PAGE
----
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David, out of curiosity - do you run JT65 or JT9 on 160 or 6 meters?

If I'm using them on other bands like 20 or 40 meters, I don't exceed 5 watts usually. But 160 and 6 are very tough and I usually run high power because of path loss. The other end runs high power too! That's just how it works. Often we have skeds. 

Then again I don't run those modes on other bands because it is very easy to make digital contacts on RTTY, Olivia, Hell or other modes on those bands. Or even SSB or CW. 

I don't do WSPR but from what I understand that is a low power mode and more for prop beacons, rather than general contacts. In that case it makes sense to run low power. 
(Edited)
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NX6D Dave

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This is working split -- I do it all of the time when working a DX that is attracting a lot of attention.  Many times the guy at the other end can't decode anything and winds up calling CQ again.  Unlike SSB, in the JT modes you can see all of the signals coming to you, if they are on separate frequencies, and just work them in turn.  Sometimes you just throw your call out there on some apparently unused frequency, then wait.  A good op will get back to you in turn.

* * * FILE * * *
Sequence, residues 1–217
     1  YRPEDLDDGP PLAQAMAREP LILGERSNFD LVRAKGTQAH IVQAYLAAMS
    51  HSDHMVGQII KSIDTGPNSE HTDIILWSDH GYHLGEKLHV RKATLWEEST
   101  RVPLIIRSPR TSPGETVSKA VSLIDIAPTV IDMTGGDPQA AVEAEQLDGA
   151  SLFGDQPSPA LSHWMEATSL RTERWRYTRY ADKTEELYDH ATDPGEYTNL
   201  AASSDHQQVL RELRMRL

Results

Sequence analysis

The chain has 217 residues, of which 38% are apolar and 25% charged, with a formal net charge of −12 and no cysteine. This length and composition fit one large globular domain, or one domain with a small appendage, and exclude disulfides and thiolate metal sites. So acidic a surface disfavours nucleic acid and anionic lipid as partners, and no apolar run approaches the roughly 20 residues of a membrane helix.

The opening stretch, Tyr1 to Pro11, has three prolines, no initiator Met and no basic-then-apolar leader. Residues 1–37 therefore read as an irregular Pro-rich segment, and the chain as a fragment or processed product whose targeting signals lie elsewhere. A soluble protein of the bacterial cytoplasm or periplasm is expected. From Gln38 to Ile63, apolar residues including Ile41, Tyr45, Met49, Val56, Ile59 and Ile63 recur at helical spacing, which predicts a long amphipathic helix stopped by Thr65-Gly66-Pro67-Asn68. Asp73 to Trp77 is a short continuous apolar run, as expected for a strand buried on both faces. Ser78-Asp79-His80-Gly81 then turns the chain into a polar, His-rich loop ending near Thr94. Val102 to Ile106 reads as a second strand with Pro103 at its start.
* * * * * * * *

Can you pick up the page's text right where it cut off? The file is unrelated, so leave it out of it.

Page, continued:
From the west coast, I try to run about 30 watts on most contacts on 15 through 80, and will raise or lower the power as needed.  Sometimes I can hear a station plainly, but can't make contact at any reasonable power.
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David Warnberg

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Ria.. I do work 6 meters on both JT65 and JT9 but have not dabbled with 160 yet, this time of year here in Florida I have way too much interference for 160 and yes from time to time I do run power on 6 meters, try not to but sometimes as Howard pointed out, one has to to be heard...

 And you are correct WSPR is not a "make contacts mode"  not even sure it qualifies, it's more of a propagation thing, where a station will listen to see what they can receive, knowing location of said station as well as equipment (antenna used) and what output power can help determine what best to use to make a contact wherever you are seeking DX from.  You can also beacon to see who can hear you, where they are, etc....

I'm currently in the processes of building a QRP WSPR Beacon, then I plan on putting it on the air on 6 meters first to get an idea of best propagation times, then I will target working JT65 or JT9 contacts on 6 meters during that time.  I'm also planning on the same idea on 630 meters,160 meters, 2 meters and 70 cm... currently early mornings here in Florida 2 meters is really opening up.
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David Warnberg

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This morning...  I'm hearing stations all up and down the east coast this morning
(Edited)
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Larry - W8LLL

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JTDX is able to decode multiple signals all transmitting on the same frequency. I have had as much as 3 replies to my cq all of them transmitting on my cq frequency. With as much as a -20 difference in signal.